Behind the Shopping Scenes: Peek Into the Data on Customer Behavior
Over the past two years, we've examined the activity of hundreds of millions of global shoppers to identify trends and measure the pace of change in digital commerce. Using this data, we produce a quarterly shopping index that describes consumer engagement with retailers. The most striking feature of the data — beyond digital commerce's continued growth — is the constant shift in shopper behavior as purchase schedules and tools change.
March Toward Mobile Dominance
One well-documented shift is the rise of mobile. The migration to mobile has made shopper/brand engagement volatile in terms of time and place. Just a few short years ago, any mobile experience was a nice frill, but not really implicit to a company's success. Traffic from mobile used to barely crack double-digits, and only a few percent of orders came from mobile phones. Now, phones drive 47 percent of traffic and 27 percent of global orders, with even higher figures in certain segments. At this point, mobile is not just a mandate — it’s imperative that retailers offer a great experience on mobile.
However, even these numbers pale in comparison to what we expect to happen in the next 12 months to 15 months. Our models show that mobile traffic share will soar past 60 percent and that shoppers will place more orders on smartphones than on computers or tablets by the end of 2017. Mobile-first is in the rearview mirror; a mobile-only world for digital commerce is what's in the future.
As further evidence of this mobile revolution, conversion rates on smartphones are increasing. Over the past few years, shoppers not only visited retailers’ mobile sites more often, but they also bought more frequently as well. Purchase intent within mobile interactions has also increased. Though purchase intent on mobile still trails that on desktop (14 percent and 18 percent, respectively), it's increasing quickly. Mobile purchase intent is up 8 percent year-over-year. In particular, mobile shoppers are creating many more carts (70 percent more in the first quarter of 2016 year-over-year) and starting more checkouts than ever before.
Social Has Emerged
After years of talking about the impact of social media on commerce, the share of traffic is finally tangible, reflecting another long-awaited change in shopper behavior. In this year's second quarter, social media drove nearly 3 percent of digital commerce traffic. The impact was even larger on smartphones, where social media accounted for 4 percent of all traffic. The rate of social media growth is outpacing the early days of mobile growth, which serves as a harbinger for where social media may rank in the marketing world in just a few short years.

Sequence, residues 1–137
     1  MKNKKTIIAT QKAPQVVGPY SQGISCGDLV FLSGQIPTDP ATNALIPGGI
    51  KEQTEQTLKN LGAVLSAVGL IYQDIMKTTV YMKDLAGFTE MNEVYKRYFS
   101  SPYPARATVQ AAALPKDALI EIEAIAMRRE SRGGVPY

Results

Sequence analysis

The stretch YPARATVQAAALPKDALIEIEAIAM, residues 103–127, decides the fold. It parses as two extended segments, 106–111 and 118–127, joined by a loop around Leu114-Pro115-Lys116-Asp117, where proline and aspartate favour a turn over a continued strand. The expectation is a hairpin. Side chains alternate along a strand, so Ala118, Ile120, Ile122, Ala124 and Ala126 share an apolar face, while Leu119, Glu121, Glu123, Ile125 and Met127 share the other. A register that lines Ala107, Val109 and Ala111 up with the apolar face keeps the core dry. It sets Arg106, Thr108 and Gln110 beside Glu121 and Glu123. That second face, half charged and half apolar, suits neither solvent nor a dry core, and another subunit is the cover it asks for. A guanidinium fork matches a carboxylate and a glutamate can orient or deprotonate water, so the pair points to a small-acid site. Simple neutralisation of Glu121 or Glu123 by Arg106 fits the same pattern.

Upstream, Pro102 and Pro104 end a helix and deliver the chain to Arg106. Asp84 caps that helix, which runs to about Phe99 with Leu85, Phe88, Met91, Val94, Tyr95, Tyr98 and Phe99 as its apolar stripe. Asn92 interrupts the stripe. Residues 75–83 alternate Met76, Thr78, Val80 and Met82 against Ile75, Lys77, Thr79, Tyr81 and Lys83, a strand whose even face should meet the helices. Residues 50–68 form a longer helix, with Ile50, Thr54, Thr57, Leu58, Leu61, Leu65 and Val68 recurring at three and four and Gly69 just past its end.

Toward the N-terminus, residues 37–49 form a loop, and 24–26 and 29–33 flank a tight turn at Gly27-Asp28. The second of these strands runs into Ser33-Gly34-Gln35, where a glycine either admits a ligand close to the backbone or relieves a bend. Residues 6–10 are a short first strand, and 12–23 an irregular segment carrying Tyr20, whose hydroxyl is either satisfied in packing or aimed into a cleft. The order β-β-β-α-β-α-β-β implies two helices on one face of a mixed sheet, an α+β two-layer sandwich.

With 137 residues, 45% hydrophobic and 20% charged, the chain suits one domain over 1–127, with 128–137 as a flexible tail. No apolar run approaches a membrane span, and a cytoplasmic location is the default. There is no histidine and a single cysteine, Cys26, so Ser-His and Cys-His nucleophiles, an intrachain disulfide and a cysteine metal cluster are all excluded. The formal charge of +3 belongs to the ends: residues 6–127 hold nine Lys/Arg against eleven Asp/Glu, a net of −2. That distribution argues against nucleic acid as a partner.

Social media also portends the next development in shopping: imparting commerce onto any setting and allowing shoppers to buy at the point of attraction. Pinterest’s Buyable Pins are a great example of this "distributed commerce," and other social and messaging channels are following suit. This, of course, begs the question: When will those "Buy" buttons land in email and marketing channels that carry a significant share of traffic?
As consumer behavior and preferences continue to change, retailers should aim to please and make the shopping experience as simple and seamless as possible. Here are some key tactics to consider in order to compete in the ever-changing retail environment:
- Accelerate mobile conversion by implementing popular wallets. While friction lingers in the buying process, specifically in the bottom of the funnel, payment accelerators like Apple Pay and PayPal One Touch promise to ease the checkout burden for customers. Other wallet providers, like Android Pay and Samsung Pay, are set to benefit from this increased attention on transaction logistics.
- Make the mobile cart … mobile. You may not need a wish list, but you do need to make sure that the shopper can go back to edit their cart on any device. Use email and retargeting as marketing intermediaries to deliver the cart from one device to another.
- Break out. Beyond your own mobile site, position your brand in the prevailing social and messaging channels. Entering the shopper’s native setting can help attract and convert shoppers with increased commerce distribution.
- Consider your physical presence. Even traditionally pure-play digital retailers are thinking about innovative ways to engage consumers. To make up for the disadvantages of minimal inventory, pop-up shops now allow consumers to touch and feel the brand without the responsibilities and costs of a traditional store footprint and a deep stock room.
The data says it all. We’re on the path to mobile-only digital engagement. Don’t sell your brand short — make the most of every touchpoint by being where your shoppers are and will be.
Rick Kenney is Salesforce Commerce Cloud Head of Consumer Insights and a thought leader on data-driven digital commerce trends. He pioneered Salesforce Commerce Cloud’s benchmarking practice, which identifies growth opportunities for clients. He spent four years in the organization’s Retail Practice Group, serving as Director of Strategic Initiatives and Regional Director of Customer Success. Rick joined Salesforce Commerce Cloud from e-Dialog (now ebay Enterprise) where he developed two breakthrough contact strategy methodologies: the Activity Matrix and MOE: Moments of Engagement. Rick holds dual BS degrees from Boston College and an MBA from Babson College.